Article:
Source Code for Apple's Lisa Operating System to be Released for Free in 2018

Discussion in 'MacRumors.com News Discussion' started by MacRumors, Dec 27, 2017.

  1. mgauss7 macrumors regular

    mgauss7

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    Miami
    #26
    What is the difference? To me Pascal and C look so alike
     
  2. coolfactor macrumors 68040

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    Jul 29, 2002
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    Vancouver, BC CANADA
    #27
    Yes, today's computers have an immense amount of capability built into them, and built better than ever, yet people think that $1000 is expensive for a [good] computer. It's not. Today's computers are cheap for what you get with them.
    --- Post Merged, Dec 27, 2017 ---
    Ask and you shall receive. :)

    https://en.wikipedia.org/wiki/Comparison_of_Pascal_and_C
     
  3. Dimer macrumors newbie

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    Oct 21, 2014
    #28
    Not C, but Pascal...read the article.
     
  4. jerryk macrumors 68040

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    Nov 3, 2011
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    SF Bay Area
    #29
    I still fire up my 1984 mac every once in a while. It has been upgraded to a fat Mac with 512 kB of memory.
     
  5. NetMage macrumors member

    Joined:
    Oct 21, 2007
    #30
    My head hurts. There are huge differences but mainly C is much closer to the hardware and allows for more efficient programming and worse errors.
     
  6. Tech198 macrumors G5

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    Australia, Perth
    #31
    lol... less problems eh...

    I'm sure today's developers could set this to good use somewhere
     
  7. Axemantitan macrumors 6502

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    #32
    --- Post Merged, Dec 27, 2017 ---
    "Only" 100,000 sold at 10k each. That's $1 billion (in 1983 dollars.)
     
  8. pppx3 macrumors member

    pppx3

    Joined:
    Apr 19, 2016
    #33
    excuse my ignorance, but surely not much of the source code would of much use to anyone, especially since most of the Lisa/Mac in the early days relied on the graphics toolbox built into the ROM, right? It want's until the Bondi Blue iMac & G3 tower came along that the expensive ROMs moved into the OS (aka ROM in RAM). I think these components would be more significant, no?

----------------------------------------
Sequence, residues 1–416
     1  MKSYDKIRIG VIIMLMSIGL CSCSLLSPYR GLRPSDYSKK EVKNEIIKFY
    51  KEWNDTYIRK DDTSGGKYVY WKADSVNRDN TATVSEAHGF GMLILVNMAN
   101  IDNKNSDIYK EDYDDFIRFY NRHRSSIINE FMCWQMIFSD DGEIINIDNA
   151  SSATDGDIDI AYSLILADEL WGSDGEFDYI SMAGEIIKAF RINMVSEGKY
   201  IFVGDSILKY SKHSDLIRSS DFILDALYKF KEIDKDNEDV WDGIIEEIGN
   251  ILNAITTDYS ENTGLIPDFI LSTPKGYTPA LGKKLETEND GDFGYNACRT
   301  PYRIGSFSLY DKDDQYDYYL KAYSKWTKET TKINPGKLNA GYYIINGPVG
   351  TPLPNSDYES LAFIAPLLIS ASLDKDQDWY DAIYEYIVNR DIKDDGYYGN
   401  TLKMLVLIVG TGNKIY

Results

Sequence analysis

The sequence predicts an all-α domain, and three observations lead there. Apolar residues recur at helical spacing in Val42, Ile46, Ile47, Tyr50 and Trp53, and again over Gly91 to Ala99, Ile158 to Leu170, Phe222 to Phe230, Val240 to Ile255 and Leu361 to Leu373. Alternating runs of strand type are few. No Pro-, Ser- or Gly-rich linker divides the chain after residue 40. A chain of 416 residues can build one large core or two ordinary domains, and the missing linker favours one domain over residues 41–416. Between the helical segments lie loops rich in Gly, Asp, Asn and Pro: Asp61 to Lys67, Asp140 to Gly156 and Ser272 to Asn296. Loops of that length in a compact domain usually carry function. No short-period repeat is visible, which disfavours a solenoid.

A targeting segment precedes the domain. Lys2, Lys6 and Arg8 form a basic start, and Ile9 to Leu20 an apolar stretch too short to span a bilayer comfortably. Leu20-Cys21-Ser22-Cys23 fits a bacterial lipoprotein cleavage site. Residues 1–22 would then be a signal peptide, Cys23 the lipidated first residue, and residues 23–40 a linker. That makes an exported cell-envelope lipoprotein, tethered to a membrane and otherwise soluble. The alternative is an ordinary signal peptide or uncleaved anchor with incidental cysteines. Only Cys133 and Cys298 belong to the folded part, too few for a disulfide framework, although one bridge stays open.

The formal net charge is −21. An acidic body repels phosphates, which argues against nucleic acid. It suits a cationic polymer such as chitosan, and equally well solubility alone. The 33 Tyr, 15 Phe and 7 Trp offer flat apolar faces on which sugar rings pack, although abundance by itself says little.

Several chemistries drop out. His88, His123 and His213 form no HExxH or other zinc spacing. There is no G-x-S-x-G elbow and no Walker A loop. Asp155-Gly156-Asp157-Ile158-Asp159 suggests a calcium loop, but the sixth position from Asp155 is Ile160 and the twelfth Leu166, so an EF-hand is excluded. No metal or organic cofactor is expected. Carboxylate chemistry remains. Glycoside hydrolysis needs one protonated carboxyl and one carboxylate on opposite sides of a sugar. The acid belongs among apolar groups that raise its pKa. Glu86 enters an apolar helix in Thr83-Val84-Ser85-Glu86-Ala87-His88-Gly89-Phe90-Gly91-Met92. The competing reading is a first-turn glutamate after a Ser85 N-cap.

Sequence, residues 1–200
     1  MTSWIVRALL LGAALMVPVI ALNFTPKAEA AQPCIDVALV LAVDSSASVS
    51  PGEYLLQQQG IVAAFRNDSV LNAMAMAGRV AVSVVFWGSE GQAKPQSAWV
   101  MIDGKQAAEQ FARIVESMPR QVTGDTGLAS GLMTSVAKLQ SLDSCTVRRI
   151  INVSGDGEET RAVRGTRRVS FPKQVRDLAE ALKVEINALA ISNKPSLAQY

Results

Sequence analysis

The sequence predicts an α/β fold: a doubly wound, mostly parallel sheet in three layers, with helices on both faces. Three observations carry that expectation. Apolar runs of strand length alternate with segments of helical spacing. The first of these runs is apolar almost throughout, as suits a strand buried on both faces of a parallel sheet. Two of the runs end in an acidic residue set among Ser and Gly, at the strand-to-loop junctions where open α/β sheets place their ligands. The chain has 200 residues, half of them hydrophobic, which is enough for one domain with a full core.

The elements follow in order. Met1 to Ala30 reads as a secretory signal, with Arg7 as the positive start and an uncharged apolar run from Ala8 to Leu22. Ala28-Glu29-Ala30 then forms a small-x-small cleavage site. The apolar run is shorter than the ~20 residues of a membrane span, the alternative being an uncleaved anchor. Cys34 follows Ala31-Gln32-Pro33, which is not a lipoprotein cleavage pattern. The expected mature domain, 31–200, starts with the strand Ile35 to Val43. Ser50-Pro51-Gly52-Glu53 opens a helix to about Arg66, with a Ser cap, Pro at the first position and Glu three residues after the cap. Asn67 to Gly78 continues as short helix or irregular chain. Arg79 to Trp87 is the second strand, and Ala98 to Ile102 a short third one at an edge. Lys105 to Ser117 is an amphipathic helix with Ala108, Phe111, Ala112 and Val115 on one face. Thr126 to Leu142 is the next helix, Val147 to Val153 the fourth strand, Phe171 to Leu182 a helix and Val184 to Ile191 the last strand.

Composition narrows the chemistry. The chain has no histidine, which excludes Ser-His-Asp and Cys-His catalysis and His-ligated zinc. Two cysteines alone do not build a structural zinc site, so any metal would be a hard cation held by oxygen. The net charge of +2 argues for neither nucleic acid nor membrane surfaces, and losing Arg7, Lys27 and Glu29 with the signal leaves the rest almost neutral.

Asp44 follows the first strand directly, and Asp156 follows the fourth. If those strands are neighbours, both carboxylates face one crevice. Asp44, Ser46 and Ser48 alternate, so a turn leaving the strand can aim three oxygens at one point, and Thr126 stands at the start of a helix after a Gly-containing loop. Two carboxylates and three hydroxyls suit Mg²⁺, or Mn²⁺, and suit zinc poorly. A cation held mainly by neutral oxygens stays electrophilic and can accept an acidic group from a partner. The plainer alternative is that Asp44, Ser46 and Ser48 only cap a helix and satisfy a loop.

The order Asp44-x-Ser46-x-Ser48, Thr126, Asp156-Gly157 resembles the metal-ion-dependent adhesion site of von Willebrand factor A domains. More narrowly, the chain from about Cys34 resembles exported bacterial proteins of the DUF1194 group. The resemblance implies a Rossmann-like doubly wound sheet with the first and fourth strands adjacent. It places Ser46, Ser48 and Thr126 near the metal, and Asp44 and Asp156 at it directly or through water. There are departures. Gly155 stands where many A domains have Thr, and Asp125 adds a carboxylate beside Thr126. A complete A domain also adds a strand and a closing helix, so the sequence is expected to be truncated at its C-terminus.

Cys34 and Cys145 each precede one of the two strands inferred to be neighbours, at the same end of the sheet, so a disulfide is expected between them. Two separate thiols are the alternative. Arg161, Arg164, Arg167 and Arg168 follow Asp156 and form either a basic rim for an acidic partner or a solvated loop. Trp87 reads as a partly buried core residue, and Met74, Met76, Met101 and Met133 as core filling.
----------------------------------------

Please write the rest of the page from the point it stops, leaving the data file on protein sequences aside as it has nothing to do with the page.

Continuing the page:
I remember working on the Lisa (I was an Apple techo a long time ago) and I could not believe how great these machines where, even better than the first Macs. These computers where WAY ahead of anything else in that time (within the PC market) and I wish that I could say the same now. Alas, the Mac looks more like an antique compared with some of the PC offerings now...
     
  9. John Sellers macrumors newbie

    John Sellers

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    Jun 30, 2016
    #34
    Well, If the software is released a a GNU project or some such developes, it is possible it will gain some small popularity to some really good and satisfying ends. Especially for those who harken back to the days where programming was programming instead of monstrous beasts that hardly anyone has a full grasp of.

    We might see some artifacts from and earlier age when language syntax was much cleaner and simple.

    The Lisa has its roots in Pascal and Object Pascal.

    Also, it is an OS that ran well on a 5 megaHtz machine with a tiny footprint compared today's machines. How would such an OS do on a 2.5 gegaHtz machine? It would be VERY fast.

    It actually might find some useful nitches.
    --- Post Merged, Dec 28, 2017 ---
    ouch! Pascal and C are in no way similar. Pascal has a very uniform systemic, simply structured syntax of maximum symplicity, C does not.
     
  10. gnasher729 macrumors P6

    gnasher729

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    Nov 25, 2005
    #35
    Clascal. Pascal with classes. No C anywhere in sight.
     
  11. djcerla macrumors 68000

    djcerla

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    Italy
    #36
    5MHz Motorola 68000 CPU, 1MB of RAM

    In the same year, my ZX Spectrum (about $400) had a paltry 16kb of RAM... and a 3.5MHz CPU (8 bit thought).
     
  12. chucker23n1 macrumors 68000

    chucker23n1

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    Dec 7, 2014
    #37
    Interesting maybe, but not legal — the source will be available, but not under an open-source license.
     
  13. Geohord macrumors member

    Geohord

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    Nov 15, 2016
  14. Miss_Mac macrumors member

    Miss_Mac

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    Nov 22, 2017